That's why you need to practice before you start on your actual car. While welding you want to hold the nozzle at a right angle to the metal. The idea is to fill the hole entirely. If you have not filled it completely at the first attempt you can make a second weld at the same spot.
Mvc-015f.jpg (32068 bytes)This is how the welds should look like. Note the one on the right which looks very good. The metal has flowed very well and filled up the entire hole. The one on the left is not done quite so well.
Start with the lowest voltage or current setting of your welder. A high setting will most likely burn big holes in the rocker and outrigger. That's not what we want.

Finishing touch

Mvc-017f.jpg (64201 bytes)After you have finished welding it's time to clean things up. Grind away any excess metal, however be careful and do not cut into your new rocker panel!

Note: this photograph was taken during a practise run.


Mvc-019f.jpg (47426 bytes)The picture below shows the result of a few seconds grinding. This particular weld looks quite good. When it is finished this weld will be completely invisible.

Bare metal should be wirebrushed. You may need to use some bondo to fill in pits in the welds. Remember that these welds are vulnerable to new rusting. I put a layer of rust inhibiting primer over the whole rocker and finished it with the famous Taiga Grün.  I did not even spray the paint on. Just used a good quality brush. That's good enough for me at this time. The last thing I did was to spray "ML" protection into the insides of the rocker. This stuff comes in a spray can with a special thin hose and nozzle. Use the holes in the outrigger to insert the nozzle and give it a good spray. This will prevent additional rust building inside the new rocker and help seal the new seam.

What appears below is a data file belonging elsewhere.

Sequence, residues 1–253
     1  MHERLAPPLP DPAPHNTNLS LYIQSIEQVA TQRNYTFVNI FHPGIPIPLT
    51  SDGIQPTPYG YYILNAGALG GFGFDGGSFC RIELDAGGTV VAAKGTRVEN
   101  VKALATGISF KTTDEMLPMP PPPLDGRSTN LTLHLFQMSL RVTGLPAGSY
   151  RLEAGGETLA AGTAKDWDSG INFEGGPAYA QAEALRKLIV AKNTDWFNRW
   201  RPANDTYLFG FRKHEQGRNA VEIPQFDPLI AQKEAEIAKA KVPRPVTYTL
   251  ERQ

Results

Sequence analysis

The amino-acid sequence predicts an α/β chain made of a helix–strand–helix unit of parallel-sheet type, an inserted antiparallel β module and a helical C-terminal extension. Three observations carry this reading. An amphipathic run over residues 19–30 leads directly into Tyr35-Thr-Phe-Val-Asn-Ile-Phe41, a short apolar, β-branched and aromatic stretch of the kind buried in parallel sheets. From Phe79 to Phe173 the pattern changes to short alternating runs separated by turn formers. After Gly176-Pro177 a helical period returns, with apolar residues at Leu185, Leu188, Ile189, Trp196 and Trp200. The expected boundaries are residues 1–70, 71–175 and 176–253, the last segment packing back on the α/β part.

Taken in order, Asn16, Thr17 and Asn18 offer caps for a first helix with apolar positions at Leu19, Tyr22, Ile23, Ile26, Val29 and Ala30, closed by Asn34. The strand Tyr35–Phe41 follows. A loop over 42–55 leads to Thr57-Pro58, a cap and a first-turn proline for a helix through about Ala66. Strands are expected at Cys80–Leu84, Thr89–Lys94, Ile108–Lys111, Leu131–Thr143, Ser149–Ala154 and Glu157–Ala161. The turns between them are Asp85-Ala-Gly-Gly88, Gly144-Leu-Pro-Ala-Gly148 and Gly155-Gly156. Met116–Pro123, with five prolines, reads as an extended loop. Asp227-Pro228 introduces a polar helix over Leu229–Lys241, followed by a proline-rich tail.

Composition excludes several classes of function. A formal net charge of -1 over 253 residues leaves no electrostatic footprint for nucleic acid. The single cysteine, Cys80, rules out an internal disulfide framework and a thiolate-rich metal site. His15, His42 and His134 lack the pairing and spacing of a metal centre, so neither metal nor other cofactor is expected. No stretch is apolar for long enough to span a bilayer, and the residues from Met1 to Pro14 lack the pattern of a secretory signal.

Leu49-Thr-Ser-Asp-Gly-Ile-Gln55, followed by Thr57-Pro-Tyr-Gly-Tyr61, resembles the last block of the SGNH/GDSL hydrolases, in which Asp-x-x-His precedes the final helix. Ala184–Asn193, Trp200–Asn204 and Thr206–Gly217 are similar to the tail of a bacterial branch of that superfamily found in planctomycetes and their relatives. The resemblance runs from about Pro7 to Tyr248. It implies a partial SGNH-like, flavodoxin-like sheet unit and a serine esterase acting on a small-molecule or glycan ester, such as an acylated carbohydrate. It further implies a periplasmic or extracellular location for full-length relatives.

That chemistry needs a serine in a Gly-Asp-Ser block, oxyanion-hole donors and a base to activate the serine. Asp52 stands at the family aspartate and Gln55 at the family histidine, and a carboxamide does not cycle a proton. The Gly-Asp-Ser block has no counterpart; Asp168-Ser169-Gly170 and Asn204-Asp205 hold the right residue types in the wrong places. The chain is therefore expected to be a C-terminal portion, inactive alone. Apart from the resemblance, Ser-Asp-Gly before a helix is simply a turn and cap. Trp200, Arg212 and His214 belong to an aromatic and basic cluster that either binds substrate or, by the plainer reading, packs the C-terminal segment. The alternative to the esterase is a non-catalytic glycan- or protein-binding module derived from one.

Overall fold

The end result

Mvc-022f.jpg (57096 bytes)This is how the end results looks, a rock solid rocker panel. No longer that browny bubbly half rotted look but firm, shiny and freshly painted. This will last you for a good number of years. And it will make you an even more proud owner of your bus. Note: I still need to replace the sliding door seal.

Tools and materials required for this job

In order to carry out the work described here you need the following tools in addition to the standard set of screwdrivers, pliers, hammers etc.

panel.jpg (4700 bytes) A new rocker panel
I bought mine at the local FLAPS for only $7 (tax included).
Mvc-003f.jpg (61133 bytes) A grinder with a cutting disc
I had never used a grinder before. Be sure to wear safety goggles and gloves. From experience I know that's important!
Mvc-001f.jpg (49523 bytes) A MIG welder
I had never used a welder before. I did not even know what type of welding was required. After some research I found that a MIG welder is needed. I used one of the cheapest models available. It's an "Easy MIG 120" gasless unit. It uses 0.9 mm flux core wire. I found it to perform very adequately for this job. It's price? Around $200
Mvc-002f.jpg (37545 bytes) A spraygun
Having a spraygun helps but you can do without. I used it to spray rust converter and primer into the hollow outrigger.
ml-spray.jpg (58513 bytes) ML rust preventative
Using the hose and nozzle I sprayed this stuff into the rocker and outrigger after all the work was done.

Comments or questions: Please e-mail me !